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Mogens Humlekrog Greve

Risk assessment of soil compaction in Europe – Rubber tracks or wheels on machinery

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Risk assessment of soil compaction in Europe – Rubber tracks or wheels on machinery. / Lamandé, Mathieu; Greve, Mogens Humlekrog; Schjønning, Per.

I: Catena, Bind 167, Nr. August, 2018, s. 253-362.

Publikation: Bidrag til tidsskrift/Konferencebidrag i tidsskrift /Bidrag til avisTidsskriftartikelForskningpeer review

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@article{b08332674f384b748e6a298f8c3bff0a,
title = "Risk assessment of soil compaction in Europe – Rubber tracks or wheels on machinery",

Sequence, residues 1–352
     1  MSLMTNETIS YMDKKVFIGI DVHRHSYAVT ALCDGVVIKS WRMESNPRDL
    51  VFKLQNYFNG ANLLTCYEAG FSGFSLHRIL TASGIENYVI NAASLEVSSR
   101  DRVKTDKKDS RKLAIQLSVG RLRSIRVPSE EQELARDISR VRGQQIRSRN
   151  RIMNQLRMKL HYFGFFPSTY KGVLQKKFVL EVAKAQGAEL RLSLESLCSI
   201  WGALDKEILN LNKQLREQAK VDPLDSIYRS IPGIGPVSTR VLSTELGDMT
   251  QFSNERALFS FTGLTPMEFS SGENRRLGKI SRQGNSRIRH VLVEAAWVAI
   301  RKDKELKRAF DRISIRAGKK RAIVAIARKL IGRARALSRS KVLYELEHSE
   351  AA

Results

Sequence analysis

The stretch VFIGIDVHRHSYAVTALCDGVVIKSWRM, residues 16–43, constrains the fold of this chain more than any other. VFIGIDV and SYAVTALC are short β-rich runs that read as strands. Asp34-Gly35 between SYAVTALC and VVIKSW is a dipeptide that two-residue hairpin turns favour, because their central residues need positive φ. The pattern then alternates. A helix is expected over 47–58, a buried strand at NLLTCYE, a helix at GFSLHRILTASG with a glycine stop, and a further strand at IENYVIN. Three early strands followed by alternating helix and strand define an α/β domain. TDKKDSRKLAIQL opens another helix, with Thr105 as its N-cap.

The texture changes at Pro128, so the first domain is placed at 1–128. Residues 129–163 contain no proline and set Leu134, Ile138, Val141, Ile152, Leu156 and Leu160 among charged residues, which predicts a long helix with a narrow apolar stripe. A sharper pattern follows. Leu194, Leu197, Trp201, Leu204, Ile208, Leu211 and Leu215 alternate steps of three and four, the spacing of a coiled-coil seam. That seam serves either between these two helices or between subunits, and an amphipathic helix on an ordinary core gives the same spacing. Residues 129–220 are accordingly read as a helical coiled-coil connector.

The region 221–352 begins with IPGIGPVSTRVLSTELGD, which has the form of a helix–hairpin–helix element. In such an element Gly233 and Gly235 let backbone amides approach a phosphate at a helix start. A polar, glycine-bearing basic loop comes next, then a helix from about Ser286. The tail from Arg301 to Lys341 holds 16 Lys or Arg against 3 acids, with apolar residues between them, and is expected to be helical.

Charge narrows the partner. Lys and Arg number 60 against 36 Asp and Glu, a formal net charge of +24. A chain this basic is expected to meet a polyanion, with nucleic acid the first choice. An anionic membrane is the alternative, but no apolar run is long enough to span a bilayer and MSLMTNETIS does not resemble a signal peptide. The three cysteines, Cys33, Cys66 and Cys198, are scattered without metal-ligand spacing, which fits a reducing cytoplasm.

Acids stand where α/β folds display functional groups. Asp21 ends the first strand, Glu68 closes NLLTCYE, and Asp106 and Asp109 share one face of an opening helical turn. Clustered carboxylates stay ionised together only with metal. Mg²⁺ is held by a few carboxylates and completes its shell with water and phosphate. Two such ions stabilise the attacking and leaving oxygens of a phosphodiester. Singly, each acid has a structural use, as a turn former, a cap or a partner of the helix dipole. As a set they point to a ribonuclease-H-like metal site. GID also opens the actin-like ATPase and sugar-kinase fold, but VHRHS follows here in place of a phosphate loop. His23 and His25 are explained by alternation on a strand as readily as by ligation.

abstract = "Subsoil compaction is persistent and affects the wide diversity of ecological services provided by agriculturalsoils. Efficient risk assessment tools are required to identify sustainable agricultural practices. Vehicles shouldnot transmit stresses that exceed soil strength. Wheel load is the primary source of high stress in the subsoil.However, very low contact stress without reduction of wheel load would also help reduce stress in the subsoil.The aims of our study were to: (i) test experimentally the use of tracks instead of tires as a technical solution toincrease contact area and reduce the magnitude of contact stresses, (ii) compare effects of traffic on soil physicalproperties using tires or tracks, and (iii) evaluate a state-of-the-art method for risk assessment of soil compactionbeneath tracks or tires at the European level. We measured contact stress below a fully-loaded sugar beet harvesterequipped with either a large tire or with a rubber track in a realistic harvest situation. Seventeen stresstransducers were installed across the driving direction at 0.1m depth and covered with loose soil. Dry bulkdensity and air permeability were measured at 0.35m depth after traffic. The contact area was larger and themaximum and vertical stress smaller beneath the rubber track than beneath the tire. Nevertheless, stress distributionbeneath the rubber track was far from uniform, presenting high peak stresses beneath the wheels androllers. Dry bulk density was similar after traffic for the two undercarriage systems, but air permeability waslower after traffic using the rubber track. Measured stress distributions beneath the tire and the track were usedas input to calculate the soil profile vertical stress for comparison with soil strength at 0.35m depth. Wheel loadcarrying capacity was calculated for European soils for assessment of subsoil compaction risk when using thetire, the rubber track, and the rubber track assuming an even stress distribution. As expected from the contactarea and stress measurements, the rubber track could carry higher loads than the tire. However, the air permeabilityresults are interpreted as soil distortion due to high shear forces under the rubber track. This calls for afurther development of the risk assessment method.",